What Happens to Blood Pressure as We Age?

Differences in Blood Pressure Affect Hypertension and Hypotension

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How does your blood pressure change with aging? Age is a known risk factor for high blood pressure. In general, blood pressure rises as people get older. In fact, up to 80 percent of people over 65 have measurable high blood pressure. There are typical changes to blood pressure as you age as well as greater risk of hypertension and a need to treat hypertension differently in an older person.

Basics of Blood Pressure: Systolic and Diastolic

Your blood pressure is read in two numbers, systolic over diastolic, and measure in millimeters of mercury.

 A typical number is 120/80 mm Hg or "120 over 80."​​​

  • Systolic blood pressure is the higher number and it represents the pressure at the maximum part of your heartbeat when the heart chambers contract to push blood through your blood vessels.
  • Diastolic blood pressure is the lower number, which is the pressure in your blood vessels between heartbeats, at the point where the chambers are refilling with blood.
  • The safest range of blood pressure is less than 120 systolic and less than 80 diastolic.
  • High blood pressure (hypertension) is defined as 140/90 or higher at two or more checkups.
  • Low systolic blood pressure of less than 90 is low blood pressure or hypotension.

Both systolic and diastolic blood pressure are important when it comes to diagnosing and monitoring high blood pressure. But they change in different ways as you age.

Systolic Pressure Up—Diastolic Pressure Down With Age

Specifically, the systolic blood pressure rises with age, while the diastolic blood pressure tends to fall.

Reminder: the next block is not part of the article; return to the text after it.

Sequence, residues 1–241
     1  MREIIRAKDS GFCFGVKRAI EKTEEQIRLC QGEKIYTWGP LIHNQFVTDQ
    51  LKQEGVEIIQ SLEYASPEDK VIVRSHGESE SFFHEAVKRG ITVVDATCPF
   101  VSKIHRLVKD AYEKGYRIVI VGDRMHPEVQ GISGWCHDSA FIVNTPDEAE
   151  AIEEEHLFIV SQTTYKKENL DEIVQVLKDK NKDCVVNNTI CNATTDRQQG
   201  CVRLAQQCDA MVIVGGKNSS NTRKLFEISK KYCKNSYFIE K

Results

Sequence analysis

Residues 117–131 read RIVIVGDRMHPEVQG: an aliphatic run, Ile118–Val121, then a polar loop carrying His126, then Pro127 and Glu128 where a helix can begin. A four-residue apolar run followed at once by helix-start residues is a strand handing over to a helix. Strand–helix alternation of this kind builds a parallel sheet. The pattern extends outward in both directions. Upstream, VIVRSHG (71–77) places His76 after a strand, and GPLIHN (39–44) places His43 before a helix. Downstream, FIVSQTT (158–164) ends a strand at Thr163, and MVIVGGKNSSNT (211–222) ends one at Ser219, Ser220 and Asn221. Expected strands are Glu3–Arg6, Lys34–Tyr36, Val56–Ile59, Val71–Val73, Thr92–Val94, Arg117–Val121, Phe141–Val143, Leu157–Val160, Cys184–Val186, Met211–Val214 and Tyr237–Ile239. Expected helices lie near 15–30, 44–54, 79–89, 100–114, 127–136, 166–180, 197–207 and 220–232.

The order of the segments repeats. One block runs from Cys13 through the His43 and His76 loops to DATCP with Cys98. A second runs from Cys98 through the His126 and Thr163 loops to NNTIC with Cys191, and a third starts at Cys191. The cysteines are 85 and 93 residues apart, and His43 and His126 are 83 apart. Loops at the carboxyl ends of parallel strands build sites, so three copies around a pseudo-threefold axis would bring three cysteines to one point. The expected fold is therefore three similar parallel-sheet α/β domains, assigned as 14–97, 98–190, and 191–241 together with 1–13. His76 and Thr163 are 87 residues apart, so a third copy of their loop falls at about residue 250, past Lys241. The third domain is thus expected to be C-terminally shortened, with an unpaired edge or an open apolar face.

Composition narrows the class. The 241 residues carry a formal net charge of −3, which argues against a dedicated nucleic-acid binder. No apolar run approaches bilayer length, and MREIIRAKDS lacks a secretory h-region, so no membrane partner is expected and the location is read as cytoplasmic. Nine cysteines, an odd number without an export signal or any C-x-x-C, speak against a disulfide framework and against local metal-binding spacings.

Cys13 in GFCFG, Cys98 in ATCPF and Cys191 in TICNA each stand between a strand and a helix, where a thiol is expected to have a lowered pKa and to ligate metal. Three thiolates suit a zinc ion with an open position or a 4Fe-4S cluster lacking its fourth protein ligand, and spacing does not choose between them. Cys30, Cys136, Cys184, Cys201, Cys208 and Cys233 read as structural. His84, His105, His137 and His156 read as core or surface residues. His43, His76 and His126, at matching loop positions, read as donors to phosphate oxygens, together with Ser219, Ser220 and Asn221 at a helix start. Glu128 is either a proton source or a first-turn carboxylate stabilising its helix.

This is true for people with high blood pressure and those with no history of high blood pressure. For people with pre-existing high blood pressure, this age-related blood pressure increase happens even if the blood pressure is well controlled with medicine.

In almost 60 percent of cases, people diagnosed with high blood pressure after age 65 have "isolated systolic hypertension." This type of high blood pressure means that only the systolic blood pressure is elevated to over 140 mm Hg while the diastolic blood pressure remains under 90 mm Hg.

Hypotension With Age

If your systolic blood pressure is under 90 mm Hg, you may feel lightheaded or even faint. This can be caused by becoming dehydrated if you don't drink enough liquids. You may also get hypotension with blood loss or due to too much of some medications.

Orthostatic hypotension is also common as you age. This is a drop in blood pressure when you rise after having by lying down or sitting. It can result in dizziness, fainting, and falls.

Why Does Blood Pressure Change With Age?

The reasons why blood pressure increases with age are still poorly understood, but are a topic of intense research. Some known contributors include:

  • Age-related changes in hormone profiles
  • A tendency for older people to oversalt their food because of decreased taste bud sensitivity
  • Changes that happen in the walls of arteries and other blood vessels
  • Decreased efficiency of the heart

While a certain amount of blood pressure increase is unavoidable as we age, blood pressure health can still be maintained by following the same lifestyle recommendations as younger people.

Treating High Blood Pressure in Older Individuals

If you are being treated for high blood pressure, your doctor may need to adjust your treatment with advancing age.

This is especially a concern for keeping your diastolic pressure high enough to prevent low blood pressure that could lead to a fall. Be sure to discuss all of your symptoms with your doctor and get regular checkups.

Sources:

AgePage: High Blood Pressure. National Institute on Aging. https://www.nia.nih.gov/health/publication/high-blood-pressure.

Aging changes in the heart and blood vessels. MedlinePlus NIH. https://www.nia.nih.gov/health/publication/high-blood-pressure.

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